Members of The Bahamas National Trust (BNT) in Freeport, Grand Bahama were in for a treat last Tuesday with the Commander Defence Force, Commodore Tellis Bethel, presenting a lecture at BNT’s Annual General Meeting at the Rand Nature Center. At the meeting, Commodore Bethel shared unique insights on the history and heritage of The Bahamas taken from his book, The Lucayan Story: The Indigenous People of The Bahamas; Turks and Caicos Islands. Prior to his lecture, Commodore Bethel gave the audience an overview of the Royal Bahamas Defense Force short and long-term strategies to address current and future maritime security challenges confronting the country. In attendance at the meeting were the Deputy Executive Director, Mrs. Lynn Gape, leaders and members of The Bahamas National Trust in Grand Bahama. During the lecture, Commodore Bethel stated that the world’s longstanding quest for peace eventually led ancient civilization to the shores of The Bahamas in the persons of the Lucayans. He stated that the peaceful Lucayans were “the first to settle The Bahama island-chain, the first to welcome Christopher Columbus to the New World and the first to suffer total genocide at the beginning of a modern era for the Americas." Noting that the first historical record of genocide within the Americas originating from Bahamian shores, Commodore Bethel suggested that Bahamians were left with an “inherent responsibility” to do their part to make the world a more peaceful place.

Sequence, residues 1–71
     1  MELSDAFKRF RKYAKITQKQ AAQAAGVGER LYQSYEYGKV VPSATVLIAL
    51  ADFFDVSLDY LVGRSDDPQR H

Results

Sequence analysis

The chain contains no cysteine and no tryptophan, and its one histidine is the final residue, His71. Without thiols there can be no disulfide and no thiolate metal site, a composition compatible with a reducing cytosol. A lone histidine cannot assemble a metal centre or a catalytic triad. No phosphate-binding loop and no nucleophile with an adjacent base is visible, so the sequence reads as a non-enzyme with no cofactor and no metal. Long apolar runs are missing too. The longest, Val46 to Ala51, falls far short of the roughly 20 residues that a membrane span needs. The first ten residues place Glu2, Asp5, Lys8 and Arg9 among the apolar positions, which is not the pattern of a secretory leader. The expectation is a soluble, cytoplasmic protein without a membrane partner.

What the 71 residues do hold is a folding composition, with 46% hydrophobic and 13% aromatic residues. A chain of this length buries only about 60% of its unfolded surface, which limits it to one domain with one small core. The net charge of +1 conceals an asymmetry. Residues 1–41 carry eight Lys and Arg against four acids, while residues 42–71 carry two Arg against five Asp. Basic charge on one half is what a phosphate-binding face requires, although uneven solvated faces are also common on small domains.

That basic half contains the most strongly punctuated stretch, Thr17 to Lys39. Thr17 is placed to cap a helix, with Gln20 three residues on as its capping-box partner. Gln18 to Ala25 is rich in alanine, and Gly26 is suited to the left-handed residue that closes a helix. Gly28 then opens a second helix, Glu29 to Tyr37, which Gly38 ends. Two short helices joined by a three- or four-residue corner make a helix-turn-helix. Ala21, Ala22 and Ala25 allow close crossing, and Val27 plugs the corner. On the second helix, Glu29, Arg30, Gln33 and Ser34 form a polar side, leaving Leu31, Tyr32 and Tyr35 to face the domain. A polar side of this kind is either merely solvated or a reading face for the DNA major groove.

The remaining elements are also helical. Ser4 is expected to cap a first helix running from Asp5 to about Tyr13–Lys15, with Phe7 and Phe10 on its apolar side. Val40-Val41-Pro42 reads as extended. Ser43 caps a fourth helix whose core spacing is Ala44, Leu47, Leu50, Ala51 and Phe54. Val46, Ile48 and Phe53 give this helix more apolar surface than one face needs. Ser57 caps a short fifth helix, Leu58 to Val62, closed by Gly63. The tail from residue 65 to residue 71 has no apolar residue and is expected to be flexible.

He further shared how The Bahamas, as the gateway to the New World & for European explorers, became the springboard for the founding of the modern Americas. Commodore Bethel also stated that " every modern nation that exists within the Americas today came out of the geographical womb of The Bahamas" as a result of Columbus’ first landfall in the New World taking place on Bahamian shores. He highlighted that this historic feat made The Bahamas “the birthplace of the modern Americas.” The engaged audience was also informed that the waters of The Bahamas were central to the settling of The Bahama Islands by the Lucayans and the unfolding of the modern Americas thereafter. While other bodies of waters within the Americas were given unique identities, Commodore Bethel pointed out that the historic waters that gave birth to the modern Americas have remained nameless, although millions the world over boast of their natural beauty. Commodore Bethel proposed that the waters of The Bahamas be given a name that embodies the history and heritage of The Bahamas and one that reminds Bahamians of their inherent responsibility to foster peace. He, therefore, proposed that these waters be named, the Lucayan Sea and that Grand Bahamians should be at the forerunners of this proposition with famous landmarks such as Port Lucaya, the Lucayan National Park, and the Grand Lucayan Waterway that are all associated with Lucayan history. By promoting The Bahamas as the ‘birthplace of the modern Americas,’ and with Bahamians committed to peace, and by naming their waters the Lucayan Sea, Commodore Bethel believes that Bahamians would be reclaiming a much-overlooked dimension of their national heritage—a name that could become the center of attraction for the Americas with the potential to create employment opportunities for many Bahamians throughout the country. The evening lecture closed out with members of The Bahamas National Trust expressing keen interest in The Bahamas’ unique heritage and their support for naming the waters of The Bahamas, the Lucayan Sea.